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Record numbers setting campfires

Staff Reports
The big yellow signs show campers what's allowed on U.S. Forest Service lands.
Kurt Hildebrand

Fire and law enforcement officers had another busy weekend contacting a record numbers of visitors about campfires they had made that are not allowed under the current fire restrictions in the Eldorado National Forest.

“We are really excited to have so many new people visiting the forest for the first time,” said Forest Supervisor Jeff Marsolais. “Now more than ever, being outdoors is playing an important role in our lives. Our national forests are open and we want to welcome everyone to come out and enjoy them. But right now, traditional campfires are too much of a risk, given the weather conditions in California.”

What are the fire restrictions?

■ Making a campfire, stove fire or barbeque with wood or charcoal is only allowed at developed recreation sites that are listed in the forest order. Typically, these designated sites are established campgrounds with numbered campsites, a metal fire ring, and a campground host.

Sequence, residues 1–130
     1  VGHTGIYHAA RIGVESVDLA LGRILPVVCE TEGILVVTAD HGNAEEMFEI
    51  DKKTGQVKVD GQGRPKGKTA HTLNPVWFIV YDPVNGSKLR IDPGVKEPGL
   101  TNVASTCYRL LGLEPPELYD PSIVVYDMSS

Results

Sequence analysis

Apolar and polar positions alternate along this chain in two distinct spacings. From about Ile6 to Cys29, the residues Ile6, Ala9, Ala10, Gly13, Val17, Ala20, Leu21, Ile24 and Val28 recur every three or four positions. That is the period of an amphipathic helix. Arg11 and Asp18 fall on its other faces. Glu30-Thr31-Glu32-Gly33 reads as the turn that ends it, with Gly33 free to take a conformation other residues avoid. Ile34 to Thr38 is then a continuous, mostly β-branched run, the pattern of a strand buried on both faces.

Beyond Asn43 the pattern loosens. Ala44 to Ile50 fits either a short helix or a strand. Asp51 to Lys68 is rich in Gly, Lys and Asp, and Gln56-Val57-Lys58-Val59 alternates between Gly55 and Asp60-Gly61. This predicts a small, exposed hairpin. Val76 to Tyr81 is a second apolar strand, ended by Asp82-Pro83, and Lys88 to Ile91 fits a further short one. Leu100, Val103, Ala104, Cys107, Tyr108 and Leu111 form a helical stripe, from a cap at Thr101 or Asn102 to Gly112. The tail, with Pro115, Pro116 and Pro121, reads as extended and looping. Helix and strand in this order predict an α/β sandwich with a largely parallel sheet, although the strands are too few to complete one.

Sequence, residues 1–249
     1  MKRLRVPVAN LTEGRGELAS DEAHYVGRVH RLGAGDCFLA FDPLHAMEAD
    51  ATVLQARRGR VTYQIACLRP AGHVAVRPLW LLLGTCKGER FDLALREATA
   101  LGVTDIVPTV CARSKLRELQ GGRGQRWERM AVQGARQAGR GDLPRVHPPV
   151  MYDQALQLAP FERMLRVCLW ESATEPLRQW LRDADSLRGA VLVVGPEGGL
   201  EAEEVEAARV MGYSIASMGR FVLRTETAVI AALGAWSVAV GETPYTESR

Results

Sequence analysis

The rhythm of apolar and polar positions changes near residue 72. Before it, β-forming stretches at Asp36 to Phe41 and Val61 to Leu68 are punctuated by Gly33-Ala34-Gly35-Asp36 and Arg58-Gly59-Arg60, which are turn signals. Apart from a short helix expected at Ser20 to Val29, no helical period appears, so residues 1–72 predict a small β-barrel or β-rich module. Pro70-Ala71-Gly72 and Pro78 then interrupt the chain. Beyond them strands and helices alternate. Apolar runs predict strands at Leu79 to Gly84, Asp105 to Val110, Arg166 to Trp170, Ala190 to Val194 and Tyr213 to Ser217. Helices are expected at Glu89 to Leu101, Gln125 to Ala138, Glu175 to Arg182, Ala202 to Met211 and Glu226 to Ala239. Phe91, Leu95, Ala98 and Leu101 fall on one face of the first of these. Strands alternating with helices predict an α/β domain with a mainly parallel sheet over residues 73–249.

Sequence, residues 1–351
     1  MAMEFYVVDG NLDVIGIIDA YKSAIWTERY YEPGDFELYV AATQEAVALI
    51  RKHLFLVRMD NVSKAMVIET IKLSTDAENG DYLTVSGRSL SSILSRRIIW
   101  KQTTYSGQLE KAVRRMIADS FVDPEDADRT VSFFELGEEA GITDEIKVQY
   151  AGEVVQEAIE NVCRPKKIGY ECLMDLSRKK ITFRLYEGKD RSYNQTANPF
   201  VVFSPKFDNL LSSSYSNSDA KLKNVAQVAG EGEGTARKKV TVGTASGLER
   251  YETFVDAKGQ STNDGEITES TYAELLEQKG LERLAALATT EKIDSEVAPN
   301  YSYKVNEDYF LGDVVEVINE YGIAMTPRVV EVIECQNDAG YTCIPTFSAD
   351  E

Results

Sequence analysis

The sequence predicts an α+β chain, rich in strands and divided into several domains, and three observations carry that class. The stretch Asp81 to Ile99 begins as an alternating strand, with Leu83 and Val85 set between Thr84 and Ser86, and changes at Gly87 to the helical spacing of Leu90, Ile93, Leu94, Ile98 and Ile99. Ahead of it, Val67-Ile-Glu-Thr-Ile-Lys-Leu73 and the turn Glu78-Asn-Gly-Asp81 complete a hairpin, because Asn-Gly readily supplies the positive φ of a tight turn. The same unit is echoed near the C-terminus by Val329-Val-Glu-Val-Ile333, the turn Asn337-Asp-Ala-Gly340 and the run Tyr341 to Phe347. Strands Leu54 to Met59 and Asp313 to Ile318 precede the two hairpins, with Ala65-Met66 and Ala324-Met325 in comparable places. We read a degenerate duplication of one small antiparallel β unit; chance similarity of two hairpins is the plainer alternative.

■ If you possess a California Campfire Permit (available online) you may use a gas-powered portable campfire pit, stove or lantern with an on/off switch, in an area cleared at least 3 feet by 3 feet.

■ Making a campfire outside of a designated developed area, such as in a rock ring at a primitive dispersed campsite, is prohibited. The fine for making an illegal campfire is up to $5,000 for an individual, or $10,000 for an organization.

Electronic message boards on forest roads, and on Highways 50, 88 and 89; bright yellow and red fire restrictions signs; and information boards throughout the forest alert visitors that campfires are not allowed. Either there is confusion because there are so many first time visitors or people are ignoring the signs